• What did Lenin say that convinces you that there’s a disjuncture? I ask honestly, because I’ve never been able to decipher what the valid argument is supposed to be. Certainly he didn’t have much of a clue about what actual reforms to make, once he seized power, what with the pre-modern disdain for democracy and the uncritical view of FW Taylor, not to mention the provision of a vehicle for Mr. Stalin. The reforms are the real work. The revolution is doing what it takes to make them happen, with the bounds of acceptable action. I saddens me that we are having this conversation in 2021. It’s a sign of what a thoroughgoing disaster Leninism was, IMHO. Which isn’t to say I don’t sympathize with what Lenin tried to do.

            • Shadowman says:

              Michael: Lenin’s extended criticisms of Kautsky in various writings make a good starting point. Also, the short article “Once Again About the Duma Cabinet” (1906) is another reference point here. On this question Lenin drew heavily from Engels and so Engels’ writings are also helpful. In my mind, the difference between reform and revolution is that (a) although it is not the only difference, reform tends to focus on mitigating symptoms while revolution focuses on changing the root causes of those symptoms; and (b) the tactics of the latter are completely different from those of the former. I find that there is a lot of assumption that reform can lead to something more, like a double movement, but there is little or no historical precedent and a close inspection usually reveals theoretical shortcomings that suggest this is a mere opportunist ploy. I doubt we’ll find much agreement here though. If you think Leninism was a “thoroughgoing disaster” we are on complete opposite sides of this question.

              • What in “Once Again” do you find insightful on this issue? I’d say it is more evidence for my interpretation. Name-calling and “motor of history” talk aren’t going to solve our problems. Need I mention that it’s not 1906 any more? As for evidence and this question, where is there evidence that a vanguard power-seizure creates socialism? Cuba?

              • Empirical question: Which society is closer to socialism: Cuba or Finland? It isn’t an easy answer, but Leninists won’t even think about it.

  3. […] Pete Dolack Writer, Dandelion Salad Systemic Disorder, June 16, 2021 June 17, […]

  4. Shadowman says:

    Thanks for this review Pete. Great stuff. Some of this reminds me of Alenka Zupancic’s outstanding essay “The Apocalypse Is (Still) Disappointing” and Jodi Dean’s essay “This Changes Some Things.” Though maybe more than anything you portray Boldizzoni as advocating something out of the Gene Sharp or Ernst Nolte playbooks (Nazism, was “the middle ground between the liberal and Soviet worlds.”). Domenico Losurdo’s “War and Revolution: Rethinking the 20th Century” seems like a good counterpoint. It has been curious over the last decade to see mainstream anticommunist academics relent to the point of discussing Marxist concepts explicitly in their writings, if only to present them as hollow approximations and as strawmen. Lazy opportunist McCarthyism of the type Losurdo described is far from gone but the newest incarnation is maybe more like Hunter S. Thompson’s brilliant article “A Southern City With Northern Problems” (“almost nobody has anything against Negroes, but everybody’s neighbor does.”), which makes it more pernicious in some ways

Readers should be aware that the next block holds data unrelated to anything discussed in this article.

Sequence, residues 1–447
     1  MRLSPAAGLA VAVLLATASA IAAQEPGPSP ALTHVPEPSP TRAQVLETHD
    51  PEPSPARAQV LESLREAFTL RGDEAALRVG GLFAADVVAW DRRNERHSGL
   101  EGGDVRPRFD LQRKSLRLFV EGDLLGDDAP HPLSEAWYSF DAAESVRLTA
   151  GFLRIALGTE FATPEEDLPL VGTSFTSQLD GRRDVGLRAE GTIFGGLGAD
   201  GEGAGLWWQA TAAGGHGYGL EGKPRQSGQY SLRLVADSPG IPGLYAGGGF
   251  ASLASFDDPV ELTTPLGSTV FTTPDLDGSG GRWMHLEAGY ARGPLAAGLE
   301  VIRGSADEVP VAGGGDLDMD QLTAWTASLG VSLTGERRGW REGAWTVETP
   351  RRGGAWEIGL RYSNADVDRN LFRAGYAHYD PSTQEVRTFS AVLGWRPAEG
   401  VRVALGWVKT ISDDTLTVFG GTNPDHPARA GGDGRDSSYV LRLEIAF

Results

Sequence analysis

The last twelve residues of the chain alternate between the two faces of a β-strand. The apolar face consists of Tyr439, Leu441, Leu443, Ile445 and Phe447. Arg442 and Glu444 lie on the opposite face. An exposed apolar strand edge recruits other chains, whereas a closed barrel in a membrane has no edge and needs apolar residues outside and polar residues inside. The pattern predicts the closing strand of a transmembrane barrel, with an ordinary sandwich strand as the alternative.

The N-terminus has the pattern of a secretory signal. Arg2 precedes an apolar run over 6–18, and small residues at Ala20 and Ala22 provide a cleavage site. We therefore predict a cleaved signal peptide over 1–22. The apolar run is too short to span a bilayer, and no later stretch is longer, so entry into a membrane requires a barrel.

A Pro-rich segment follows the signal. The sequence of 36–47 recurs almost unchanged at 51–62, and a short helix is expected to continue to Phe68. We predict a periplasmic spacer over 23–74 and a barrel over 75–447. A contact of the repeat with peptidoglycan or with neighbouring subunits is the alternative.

• Thank you for your kind words, Shadowman, and always glad to hear from you.

      I’d been unsure for weeks whether to even write this review, because of my disappointment with the book. All my other book reviews on this blog are very positive reviews of very good works, and I had no desire to write something negative. But the moods and ideas of Professor Boldizzoni are quite common, so, with some encouragement from my partner, I thought a discussion of why capitalism persists and why past predictions have not borne out (the two are inevitably intertwined) would make for an interesting discussion.

      That, as you point out, “mainstream anticommunist academics [are] discussing Marxist concepts explicitly in their writings,” is a sure sign, in my opinion, that there is a fear of a Marxist revival and of Left ideas gaining traction in more places. Many of them are propagandists and are doing what would be expected of them. But those who aren’t propagandists but rather are serious academics (and I would include Professor Boldizzoni here although I have never met him or read any of his other works) are more prone to absorbing popular discourse, and falling prey to the psychologies that induces, more than they likely suspect.

      The shame of it is that his book could have been much better. You mentioned in another comment Jodi Dean’s Crowds and Party. That was an excellent book, which I reviewed; people like Professor Boldizzoni would do well by reading it and thereby expanding their eduction. Of course, I’d recommend her writings to anybody interested in making a better world possible.

      • Shadowman says:

        Interesting comments Pete. When you talk about Boldizzoni “absorbing popular discourse” that reminded me of a statement by Maresi Starzman in a ROAR magazine article a few years ago ( “At the end of the day, academic desires — for a career, for status, or maybe for some fame — ensure that even the ‘lumpen professor’ remains a professor, cash strapped but with a solid middle-class habitus. The result is a seeming paradox: an impoverished workforce deeply loyal to the exploitative structures it is embedded within . . . .” I know nothing about Boldizzoni, and he’s probably tenured and not a “precarious” academic exactly, but this still seems to fit.

        Dean’s book was quite good. In a somewhat similar vein Alfie Bown did an interview with Todd McGowan a few months ago ( that I think offers some useful supplements–noting some of the underlying challenges to any universalist political project. Worth watching perhaps.